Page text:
Nine years ago, in the course of my journalistic work in the northern Gaza Strip, my photographer, a Gaza resident, Majdi Arbid, was injured by Israel Defense Forces (IDF) fire. Arbid was transferred by ambulance in very grave condition to Soroka Hospital in Beersheba, where his life was saved. After several weeks, when his condition improved, I got authorization from the Israeli Civil Administration to give him a tour of Tel Aviv before he returned to his home in the Sheikh Radwan neighborhood.
On the Ayalon Highway, the highway leading to the big city, he first laid eyes upon the tall buildings, Tel Aviv’s towers, the branching road system, the bridges, the lights, the life. It was all so different from Gaza, which seemed light years away to him. On the way, we passed the sites Hamas terrorists struck some years before: the Dizengoff commercial center, the Dolphinarium night club, Mike’s Place bar and others. When the astonishment faded from his face, he summarized it thus: "Hamas militants are living in a delusion; they are convinced that with a group of suicide bombers (shahids, meaning martyrs) they could overpower Israel."
After that he had an idea, somewhat comical, somewhat practical: "If we get all of Hamas’ leaders on one bus, both the political wing and the military wing, and give them a guided tour from the Erez crossing to Tel Aviv, they will get wiser, return to Gaza and will stop threatening and dreaming that they could defeat Israel."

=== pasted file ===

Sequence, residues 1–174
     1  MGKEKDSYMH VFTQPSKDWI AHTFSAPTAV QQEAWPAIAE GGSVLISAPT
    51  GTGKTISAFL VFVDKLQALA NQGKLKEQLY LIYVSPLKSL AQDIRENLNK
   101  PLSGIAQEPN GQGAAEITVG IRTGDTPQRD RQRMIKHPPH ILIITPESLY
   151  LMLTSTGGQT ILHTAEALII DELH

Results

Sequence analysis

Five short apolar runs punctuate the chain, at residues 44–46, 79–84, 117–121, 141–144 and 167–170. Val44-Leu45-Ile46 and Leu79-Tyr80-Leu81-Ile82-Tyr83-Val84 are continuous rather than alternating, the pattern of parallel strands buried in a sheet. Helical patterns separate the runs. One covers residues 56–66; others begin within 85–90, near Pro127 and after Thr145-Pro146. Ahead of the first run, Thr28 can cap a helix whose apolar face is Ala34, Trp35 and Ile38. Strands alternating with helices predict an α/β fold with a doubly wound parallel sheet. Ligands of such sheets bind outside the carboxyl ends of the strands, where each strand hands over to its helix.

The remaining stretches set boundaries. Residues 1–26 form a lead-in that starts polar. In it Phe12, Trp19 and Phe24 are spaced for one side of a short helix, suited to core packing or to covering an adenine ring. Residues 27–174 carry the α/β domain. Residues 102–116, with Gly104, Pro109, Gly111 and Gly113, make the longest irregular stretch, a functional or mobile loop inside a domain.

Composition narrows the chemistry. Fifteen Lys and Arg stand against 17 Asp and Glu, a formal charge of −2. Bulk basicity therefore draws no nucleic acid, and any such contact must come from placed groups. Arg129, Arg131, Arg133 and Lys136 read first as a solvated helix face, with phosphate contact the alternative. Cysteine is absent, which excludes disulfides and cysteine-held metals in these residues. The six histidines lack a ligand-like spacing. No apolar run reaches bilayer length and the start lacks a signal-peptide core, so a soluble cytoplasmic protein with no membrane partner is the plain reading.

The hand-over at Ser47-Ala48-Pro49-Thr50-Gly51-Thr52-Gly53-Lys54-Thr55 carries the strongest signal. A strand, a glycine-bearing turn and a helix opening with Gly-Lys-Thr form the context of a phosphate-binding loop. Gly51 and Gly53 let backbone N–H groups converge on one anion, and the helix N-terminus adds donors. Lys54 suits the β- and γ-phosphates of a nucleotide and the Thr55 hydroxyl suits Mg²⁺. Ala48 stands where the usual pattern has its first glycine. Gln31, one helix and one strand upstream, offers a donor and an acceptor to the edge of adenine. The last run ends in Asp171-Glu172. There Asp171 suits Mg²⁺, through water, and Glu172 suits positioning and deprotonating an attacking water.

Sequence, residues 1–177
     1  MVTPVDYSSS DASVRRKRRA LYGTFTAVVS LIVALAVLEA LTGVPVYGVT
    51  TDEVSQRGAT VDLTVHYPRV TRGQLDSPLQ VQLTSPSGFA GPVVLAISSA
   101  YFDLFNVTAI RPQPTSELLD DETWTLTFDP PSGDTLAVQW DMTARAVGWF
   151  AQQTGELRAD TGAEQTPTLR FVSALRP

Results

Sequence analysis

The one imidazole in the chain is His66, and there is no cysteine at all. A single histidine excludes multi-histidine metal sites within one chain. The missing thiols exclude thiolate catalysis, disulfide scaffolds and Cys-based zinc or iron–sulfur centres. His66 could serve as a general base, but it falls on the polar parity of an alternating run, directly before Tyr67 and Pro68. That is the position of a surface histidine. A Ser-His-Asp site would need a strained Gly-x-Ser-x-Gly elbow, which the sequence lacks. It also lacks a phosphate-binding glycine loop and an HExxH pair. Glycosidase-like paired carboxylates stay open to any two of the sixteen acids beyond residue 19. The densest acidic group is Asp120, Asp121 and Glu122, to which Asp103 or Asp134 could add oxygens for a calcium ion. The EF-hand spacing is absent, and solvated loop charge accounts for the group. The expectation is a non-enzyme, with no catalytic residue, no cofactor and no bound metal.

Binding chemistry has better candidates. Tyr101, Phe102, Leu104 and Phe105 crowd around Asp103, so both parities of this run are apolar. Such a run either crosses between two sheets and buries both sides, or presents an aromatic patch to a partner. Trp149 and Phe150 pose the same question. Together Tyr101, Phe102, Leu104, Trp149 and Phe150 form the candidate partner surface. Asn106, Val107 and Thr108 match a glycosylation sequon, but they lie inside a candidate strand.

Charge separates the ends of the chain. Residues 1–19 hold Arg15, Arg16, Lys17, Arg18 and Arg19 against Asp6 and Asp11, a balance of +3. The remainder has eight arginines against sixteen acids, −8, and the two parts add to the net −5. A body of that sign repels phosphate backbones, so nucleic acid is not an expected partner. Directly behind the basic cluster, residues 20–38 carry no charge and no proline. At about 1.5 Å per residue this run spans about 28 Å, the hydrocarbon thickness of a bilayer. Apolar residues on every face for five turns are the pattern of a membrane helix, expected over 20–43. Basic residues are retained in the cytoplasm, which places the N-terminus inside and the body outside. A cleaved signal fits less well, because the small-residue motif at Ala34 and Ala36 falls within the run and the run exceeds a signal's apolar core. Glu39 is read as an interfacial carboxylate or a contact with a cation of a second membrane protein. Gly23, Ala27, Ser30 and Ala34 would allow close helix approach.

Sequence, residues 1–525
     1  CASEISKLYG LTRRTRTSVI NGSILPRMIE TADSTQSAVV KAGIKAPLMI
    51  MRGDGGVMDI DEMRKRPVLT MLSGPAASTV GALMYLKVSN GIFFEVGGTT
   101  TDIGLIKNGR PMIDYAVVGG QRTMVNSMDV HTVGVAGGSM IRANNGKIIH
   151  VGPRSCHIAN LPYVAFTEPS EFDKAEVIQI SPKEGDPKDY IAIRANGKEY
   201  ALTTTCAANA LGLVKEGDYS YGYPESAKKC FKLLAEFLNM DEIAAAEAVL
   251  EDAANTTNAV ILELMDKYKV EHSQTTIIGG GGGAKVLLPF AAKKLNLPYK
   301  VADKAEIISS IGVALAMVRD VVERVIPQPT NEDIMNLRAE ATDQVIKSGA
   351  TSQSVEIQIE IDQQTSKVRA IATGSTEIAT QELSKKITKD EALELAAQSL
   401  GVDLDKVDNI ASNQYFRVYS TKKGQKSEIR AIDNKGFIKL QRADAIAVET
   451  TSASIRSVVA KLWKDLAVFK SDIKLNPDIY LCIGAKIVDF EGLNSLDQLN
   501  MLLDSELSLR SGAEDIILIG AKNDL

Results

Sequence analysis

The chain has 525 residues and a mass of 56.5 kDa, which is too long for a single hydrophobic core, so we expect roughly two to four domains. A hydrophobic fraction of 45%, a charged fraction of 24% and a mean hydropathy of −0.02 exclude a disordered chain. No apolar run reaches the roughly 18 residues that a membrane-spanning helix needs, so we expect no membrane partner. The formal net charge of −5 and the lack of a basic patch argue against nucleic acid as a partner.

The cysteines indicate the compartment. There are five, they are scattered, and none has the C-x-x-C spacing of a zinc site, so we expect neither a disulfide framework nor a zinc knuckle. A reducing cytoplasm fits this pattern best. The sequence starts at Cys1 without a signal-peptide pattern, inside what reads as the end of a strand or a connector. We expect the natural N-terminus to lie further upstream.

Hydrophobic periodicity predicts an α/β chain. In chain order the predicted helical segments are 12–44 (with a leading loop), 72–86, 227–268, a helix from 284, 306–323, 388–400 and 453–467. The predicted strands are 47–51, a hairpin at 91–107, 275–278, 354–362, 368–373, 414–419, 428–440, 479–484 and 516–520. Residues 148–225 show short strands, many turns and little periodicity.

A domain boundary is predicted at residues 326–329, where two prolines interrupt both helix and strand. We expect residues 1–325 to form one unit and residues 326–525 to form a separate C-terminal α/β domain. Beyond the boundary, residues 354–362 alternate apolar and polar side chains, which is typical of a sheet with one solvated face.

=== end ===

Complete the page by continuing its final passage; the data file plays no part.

I recalled this story this week, when the spokesmen of Hamas’ military wing once again threatened that, through its rockets, it would shake the earth of Israel. Again, the military wing, which managed to force down the political wing and drag it along its path, proved not only the extent of its detachment from reality, but also the fact that the suffering of Gaza's 1.6 million residents is nothing to be measured, nor is it a consideration to be taken into account.
At the same time, the film unit of Izz ad-Din al-Qassam Brigades labored over “propaganda products” to scare the Israeli home front. The production house of the Qassam Brigades even uploaded a “song” in Hebrew to YouTube, which has become a joke for many Israelis. It became a joke not only because of how garbled it was and the pathos with which the Hamas men sing an embarrassing song in Hebrew, but mostly because of the distorted worldview of these armed men, who convinced themselves that they were heading a military power with technological and military superiority over Israel.
And so they sang: “Thus you will carry out attacks, burn military bases and soldiers … strive for contact with the Zionists, shake the security of Israel, kill all the Zionists. A country of weakness and delusions, they do not have a standing in war, they are like a spiderweb.”